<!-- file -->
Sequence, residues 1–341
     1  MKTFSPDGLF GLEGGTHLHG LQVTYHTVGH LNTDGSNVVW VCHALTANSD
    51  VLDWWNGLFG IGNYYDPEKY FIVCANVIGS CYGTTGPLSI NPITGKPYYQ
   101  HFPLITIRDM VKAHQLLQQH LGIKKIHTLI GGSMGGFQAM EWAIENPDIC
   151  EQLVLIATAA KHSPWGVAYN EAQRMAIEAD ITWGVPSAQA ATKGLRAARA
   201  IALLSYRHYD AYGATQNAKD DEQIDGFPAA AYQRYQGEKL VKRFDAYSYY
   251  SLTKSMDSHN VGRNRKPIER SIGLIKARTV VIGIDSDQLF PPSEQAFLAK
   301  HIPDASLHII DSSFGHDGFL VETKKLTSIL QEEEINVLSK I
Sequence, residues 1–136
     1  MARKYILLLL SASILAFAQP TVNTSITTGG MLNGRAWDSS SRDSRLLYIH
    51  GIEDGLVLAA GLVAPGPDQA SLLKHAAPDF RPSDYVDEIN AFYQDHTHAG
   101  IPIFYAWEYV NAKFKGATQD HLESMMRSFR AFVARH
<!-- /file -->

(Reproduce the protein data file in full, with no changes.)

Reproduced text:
Sequence, residues 1–341
     1  MKTFSPDGLF GLEGGTHLHG LQVTYHTVGH LNTDGSNVVW VCHALTANSD
    51  VLDWWNGLFG IGNYYDPEKY FIVCANVIGS CYGTTGPLSI NPITGKPYYQ
   101  HFPLITIRDM VKAHQLLQQH LGIKKIHTLI GGSMGGFQAM EWAIENPDIC
   151  EQLVLIATAA KHSPWGVAYN EAQRMAIEAD ITWGVPSAQA ATKGLRAARA
   201  IALLSYRHYD AYGATQNAKD DEQIDGFPAA AYQRYQGEKL VKRFDAYSYY
   251  SLTKSMDSHN VGRNRKPIER SIGLIKARTV VIGIDSDQLF PPSEQAFLAK
   301  HIPDASLHII DSSFGHDGFL VETKKLTSIL QEEEINVLSK I
Sequence, residues 1–136
     1  MARKYILLLL SASILAFAQP TVNTSITTGG MLNGRAWDSS SRDSRLLYIH
    51  GIEDGLVLAA GLVAPGPDQA SLLKHAAPDF RPSDYVDEIN AFYQDHTHAG
   101  IPIFYAWEYV NAKFKGATQD HLESMMRSFR AFVARH